Equality report: Catholic workforce continues to rise

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The Catholic workforce in Northern Ireland has continued to increase according to the latest Equality Commission report.

However the annual monitoring report found a decline in the total workforce of 12,585 since 2008.

The report tracks employment in Roman Catholics, Protestants, women and men.

There have been steeper falls in employment levels for Protestants than Roman Catholic's and steeper falls for men than for women.

The commission's Bob Collins said the decline in employment levels highlighted a "changing environment" in Northern Ireland.

"This period (2009) reflects the initial impact of the recession and also some significant demographic shifts," he said.

"We must balance and judge all of the available evidence to ensure that we can properly measure any questions of unfairness in employment."

The report looked at 517,272 employees and covered the 12 months of 2009.

The report also found that the proportion of applicants for jobs across Northern Ireland from the Roman Catholic community had continued to rise.

Participation

In 2007 the number of Roman Catholic applicants exceeded the number of Protestant for the first time.

This trend has continued and in 2009 the Catholic share (51%) exceeded that of their Protestant counterparts by (49%) by 10,465.

Mr Collins said information from the 20012 indicated that all age groups in the under-25 categories Roman Catholic's represented over 50%.

"That pattern will have worked its way up the age scale in the years since and it is a reasonable estimate that those currently in the 16-34 age range, Roman Catholic now represent some 52% ."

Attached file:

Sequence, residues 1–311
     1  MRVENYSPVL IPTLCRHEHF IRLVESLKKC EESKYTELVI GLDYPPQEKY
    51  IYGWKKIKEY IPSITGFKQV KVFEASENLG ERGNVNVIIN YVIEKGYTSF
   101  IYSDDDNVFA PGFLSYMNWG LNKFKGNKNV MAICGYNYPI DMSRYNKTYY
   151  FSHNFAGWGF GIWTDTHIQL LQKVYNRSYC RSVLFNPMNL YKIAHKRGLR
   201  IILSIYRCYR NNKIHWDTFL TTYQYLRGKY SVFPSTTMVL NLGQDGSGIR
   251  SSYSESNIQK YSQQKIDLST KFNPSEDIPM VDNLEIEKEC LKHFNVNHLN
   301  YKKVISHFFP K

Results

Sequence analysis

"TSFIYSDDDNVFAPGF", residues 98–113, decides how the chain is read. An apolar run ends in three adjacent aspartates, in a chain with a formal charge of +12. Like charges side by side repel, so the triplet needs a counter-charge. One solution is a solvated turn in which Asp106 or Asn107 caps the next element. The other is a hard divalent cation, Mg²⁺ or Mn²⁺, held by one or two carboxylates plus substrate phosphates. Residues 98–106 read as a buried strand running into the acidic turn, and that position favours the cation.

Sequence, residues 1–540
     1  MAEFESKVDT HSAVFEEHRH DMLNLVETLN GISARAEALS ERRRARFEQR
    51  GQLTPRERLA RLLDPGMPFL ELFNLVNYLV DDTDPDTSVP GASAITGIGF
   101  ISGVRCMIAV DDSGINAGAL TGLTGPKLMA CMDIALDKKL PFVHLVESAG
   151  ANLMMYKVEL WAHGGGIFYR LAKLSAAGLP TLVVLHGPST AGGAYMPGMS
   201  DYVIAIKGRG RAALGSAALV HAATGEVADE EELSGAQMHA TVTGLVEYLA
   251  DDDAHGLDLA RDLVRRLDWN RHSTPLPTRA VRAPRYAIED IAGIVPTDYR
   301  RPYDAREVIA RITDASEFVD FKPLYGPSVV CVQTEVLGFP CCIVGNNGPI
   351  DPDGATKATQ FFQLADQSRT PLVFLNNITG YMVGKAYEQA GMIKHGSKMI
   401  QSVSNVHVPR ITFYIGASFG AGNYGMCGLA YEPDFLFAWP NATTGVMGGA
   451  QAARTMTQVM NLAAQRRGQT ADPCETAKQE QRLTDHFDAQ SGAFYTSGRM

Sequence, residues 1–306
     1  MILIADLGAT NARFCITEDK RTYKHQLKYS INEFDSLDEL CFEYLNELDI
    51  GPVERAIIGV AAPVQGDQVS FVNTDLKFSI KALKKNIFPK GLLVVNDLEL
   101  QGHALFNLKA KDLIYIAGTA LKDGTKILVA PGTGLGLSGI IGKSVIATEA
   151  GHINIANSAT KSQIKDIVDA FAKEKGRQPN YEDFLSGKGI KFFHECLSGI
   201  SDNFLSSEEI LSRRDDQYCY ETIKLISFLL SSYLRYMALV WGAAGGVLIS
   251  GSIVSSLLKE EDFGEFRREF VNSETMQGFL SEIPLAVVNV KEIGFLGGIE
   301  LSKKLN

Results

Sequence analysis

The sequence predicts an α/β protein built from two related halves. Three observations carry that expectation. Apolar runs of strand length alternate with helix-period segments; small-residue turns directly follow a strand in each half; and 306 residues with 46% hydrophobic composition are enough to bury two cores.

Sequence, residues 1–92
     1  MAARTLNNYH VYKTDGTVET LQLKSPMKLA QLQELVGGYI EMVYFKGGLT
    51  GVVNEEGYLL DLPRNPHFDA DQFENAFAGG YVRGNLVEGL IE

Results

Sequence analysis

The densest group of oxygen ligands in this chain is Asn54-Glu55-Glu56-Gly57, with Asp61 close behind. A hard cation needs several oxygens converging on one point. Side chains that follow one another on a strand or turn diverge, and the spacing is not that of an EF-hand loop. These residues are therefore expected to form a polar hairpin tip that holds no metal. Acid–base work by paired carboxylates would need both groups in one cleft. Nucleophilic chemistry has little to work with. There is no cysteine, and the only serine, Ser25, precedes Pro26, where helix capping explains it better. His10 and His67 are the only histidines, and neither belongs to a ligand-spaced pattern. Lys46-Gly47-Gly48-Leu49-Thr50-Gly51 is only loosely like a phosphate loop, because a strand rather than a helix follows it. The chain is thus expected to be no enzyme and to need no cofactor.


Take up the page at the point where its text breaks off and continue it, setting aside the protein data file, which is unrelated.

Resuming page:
Mr Collins also said the three-yearly reviews employers undertake were an important source of information.

"They shed light not only on the composition of workforces and those joining or leaving them, but also on the extent to which employment in those workforces actually represents fair participation.

"The commission is actively considering how this material can be made more widely available to help obtain a greater understanding of these changing patterns."

The monitoring data also show the changing nature of our economy, and these changes will also have impacts on the community composition of the workforce.

In 1990 almost half of the monitored workforce (47.6%) in the private sector was employed in manufacturing.

Industries based on heavy engineering and textiles were among the largest employers in Northern Ireland.

In 2009 manufacturing accounted for just 22.7% of the private sector.

In 1990, the percentage of Roman Catholics in the then monitored workforce (firms of more than 25 employees) was 34.9%.

At the time it was estimated that 40% of those available for work were Catholics.

The 2009 report shows Roman Catholics made up 45.4% of the monitored workforce (firms of more than 10 employees), which matches the estimated percentage of Catholics available for work.

Mr Collins said the "steady and consistent convergence of the workforce" with the composition of those available for work can be tracked through the annual monitoring reports.

"Monitoring and the three yearly reviews have provided a focus for business and the public sector which has helped drive change in the Northern Ireland workforce over the past two decades," he said.

"It has helped us understand what is happening and why, and contributed to what is now a well-established awareness of the importance of equality of opportunity and fair participation.

"While economic developments and demographic changes clearly affect the realities of our economy and our society, they also affect our perceptions. It is important that they should also inform our expectations.

"The Equality Commission believes that workforce monitoring should be extended to the grounds of nationality and ethnic origin, so as to capture more accurately the facts about the changing workforce in Northern Ireland."

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